carpeting. These emissions can be especially hazardous in basement spaces that
aren’t well ventilated. Carpets also are a breeding ground for dust mites and
isn’t a practical covering for most basement slabs because of the potential
exposure to moisture and humidity. The solution: Simply apply an overlay to the
concrete floor and stamp it with a wood-grain pattern.
Myth #4: Decorative concrete floors are
In most cases, a
decorative concrete floor is no more slippery than vinyl or ceramic tile.
Application of a high-gloss sealer to protect and enhance decorative concrete
may reduce traction somewhat, but that’s easily remedied by mixing a nonslip
additive into the stain or sealer before application.
Myth #5: Floor coverings are cheaper to
install than decorative concrete
The initial outlay
for decorative concrete may exceed the cost of a low-to-mid priced floor
covering, such as carpeting, vinyl tile, and wood laminates, but the life
expectancy of a concrete floor will far surpass that of most floor covering
materials. Decorative concrete can also endure water exposure from occasional
seepage into the basement after heavy rains, unlike water-sensitive floor
coverings that can peel up, warp, or mildew. That means in the long run
homeowners save money because they never need to rip out and replace worn or
When compared with
high-end floor coverings, such as ceramic tile, slate, and marble, decorative
concrete is often an economical alternative. Plus, skilled concrete artisans
can duplicate the look of these pricier materials.
If time is money, then homeowners can also cash in
on the low maintenance needs of decorative concrete. Typically just occasional
sweeping and damp mopping will keep the floor looking like new for many years.
When protected with a good sealer,
concrete floors also resist staining, chemicals, and abrasion.
Myth #6: Carpet, vinyl tile, and wood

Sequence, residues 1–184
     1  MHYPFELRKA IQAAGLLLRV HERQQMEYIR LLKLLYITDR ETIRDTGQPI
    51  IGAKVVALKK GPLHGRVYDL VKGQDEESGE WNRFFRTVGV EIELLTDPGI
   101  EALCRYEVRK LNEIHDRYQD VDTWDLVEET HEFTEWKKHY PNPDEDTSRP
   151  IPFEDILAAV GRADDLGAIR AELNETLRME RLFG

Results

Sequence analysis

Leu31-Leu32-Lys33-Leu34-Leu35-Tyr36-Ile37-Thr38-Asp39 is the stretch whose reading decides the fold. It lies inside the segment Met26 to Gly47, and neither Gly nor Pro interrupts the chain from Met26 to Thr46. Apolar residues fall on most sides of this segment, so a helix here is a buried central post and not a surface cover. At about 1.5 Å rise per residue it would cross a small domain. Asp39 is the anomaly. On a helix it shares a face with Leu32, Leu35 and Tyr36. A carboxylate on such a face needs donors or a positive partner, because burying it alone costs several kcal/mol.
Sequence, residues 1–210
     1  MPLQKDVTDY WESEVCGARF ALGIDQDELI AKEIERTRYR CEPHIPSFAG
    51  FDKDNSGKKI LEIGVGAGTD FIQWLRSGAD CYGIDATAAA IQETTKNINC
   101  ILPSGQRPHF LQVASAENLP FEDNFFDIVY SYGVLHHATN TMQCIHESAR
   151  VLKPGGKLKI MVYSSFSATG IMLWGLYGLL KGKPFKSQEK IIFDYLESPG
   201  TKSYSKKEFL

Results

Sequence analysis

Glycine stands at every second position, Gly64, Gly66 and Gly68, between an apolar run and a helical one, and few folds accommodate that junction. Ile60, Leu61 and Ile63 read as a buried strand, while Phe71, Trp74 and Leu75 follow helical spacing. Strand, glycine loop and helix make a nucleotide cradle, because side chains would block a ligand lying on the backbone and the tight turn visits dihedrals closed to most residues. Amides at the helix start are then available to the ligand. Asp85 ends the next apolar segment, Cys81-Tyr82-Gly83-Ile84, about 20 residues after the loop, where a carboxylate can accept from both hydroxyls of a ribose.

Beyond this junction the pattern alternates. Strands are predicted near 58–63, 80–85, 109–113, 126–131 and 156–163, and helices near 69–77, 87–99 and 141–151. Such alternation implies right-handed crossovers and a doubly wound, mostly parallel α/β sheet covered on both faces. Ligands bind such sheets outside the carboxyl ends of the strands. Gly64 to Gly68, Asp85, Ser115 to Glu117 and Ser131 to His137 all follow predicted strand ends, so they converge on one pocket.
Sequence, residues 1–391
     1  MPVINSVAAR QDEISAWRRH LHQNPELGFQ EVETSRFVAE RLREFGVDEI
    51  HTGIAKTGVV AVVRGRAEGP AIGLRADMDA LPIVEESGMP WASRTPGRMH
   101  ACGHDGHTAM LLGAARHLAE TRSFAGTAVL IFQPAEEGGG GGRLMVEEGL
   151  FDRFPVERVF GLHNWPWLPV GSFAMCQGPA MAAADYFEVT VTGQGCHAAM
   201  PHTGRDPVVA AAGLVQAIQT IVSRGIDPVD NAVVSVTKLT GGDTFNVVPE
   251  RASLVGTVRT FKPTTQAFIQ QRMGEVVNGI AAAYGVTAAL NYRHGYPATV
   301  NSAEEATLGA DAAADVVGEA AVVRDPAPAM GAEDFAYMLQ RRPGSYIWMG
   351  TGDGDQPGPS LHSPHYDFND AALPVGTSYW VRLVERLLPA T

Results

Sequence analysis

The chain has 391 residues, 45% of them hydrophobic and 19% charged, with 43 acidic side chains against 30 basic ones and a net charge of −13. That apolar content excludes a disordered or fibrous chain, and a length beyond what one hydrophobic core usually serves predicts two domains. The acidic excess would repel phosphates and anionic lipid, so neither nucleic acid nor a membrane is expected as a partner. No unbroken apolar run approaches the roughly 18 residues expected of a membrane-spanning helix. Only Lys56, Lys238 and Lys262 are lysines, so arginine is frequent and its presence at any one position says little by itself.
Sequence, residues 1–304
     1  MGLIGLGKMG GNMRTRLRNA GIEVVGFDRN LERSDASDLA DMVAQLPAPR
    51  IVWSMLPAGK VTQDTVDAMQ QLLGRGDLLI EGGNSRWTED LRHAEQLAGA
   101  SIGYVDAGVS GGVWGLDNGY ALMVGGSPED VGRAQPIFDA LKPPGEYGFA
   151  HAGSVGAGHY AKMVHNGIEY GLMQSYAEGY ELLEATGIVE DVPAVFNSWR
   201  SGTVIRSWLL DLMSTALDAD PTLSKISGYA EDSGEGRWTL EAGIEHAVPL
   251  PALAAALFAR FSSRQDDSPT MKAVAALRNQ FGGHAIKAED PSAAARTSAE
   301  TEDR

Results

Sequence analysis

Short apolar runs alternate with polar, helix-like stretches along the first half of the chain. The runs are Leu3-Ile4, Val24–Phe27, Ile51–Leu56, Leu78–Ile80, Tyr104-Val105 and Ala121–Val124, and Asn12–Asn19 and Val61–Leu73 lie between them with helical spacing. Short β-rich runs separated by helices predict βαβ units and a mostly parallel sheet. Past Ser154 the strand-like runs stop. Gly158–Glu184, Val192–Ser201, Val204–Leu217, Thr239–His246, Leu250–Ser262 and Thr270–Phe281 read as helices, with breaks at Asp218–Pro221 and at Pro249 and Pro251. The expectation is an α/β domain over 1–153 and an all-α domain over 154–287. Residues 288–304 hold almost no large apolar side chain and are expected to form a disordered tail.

laminate flooring offer more color and design options
This is possibly the biggest myth of all. No
flooring material offers more decorative versatility than concrete. A few of
the options particularly well-suited for basement floors include stampable and self-leveling overlays, chemical stains, epoxy coatings, paints and dyes. What’s more,
these treatments can be combined to create one-of-a-kind decorative finishes to
suit unique basement design schemes. Consider these possibilities:
Install a stamped overlay. It’s
possible to resurface most existing basement floors and stamp them to look like
slate, stone, and even a hardwood floor.
Stain the floor to achieve rich,
variegated layers of translucent color. Henson says that using three or four
different stain colors will add drama and produce three-dimensional effects.
Apply an epoxy coating.
High-performance epoxies recommended for basement or garage floors are
excellent solutions for spaces where durability is important, such as recreation
areas, utility rooms, and workshops. The coatings come in a variety of hues and
can be accented with decorative color flakes or chips.
Source of information: concretenetwork.com (‘Seven Reasons Why You
Should Enhance Rather Than Cover Up Concrete Basement Floors’ By Anne Balogh
and ‘Basement Floor Myths Busted’)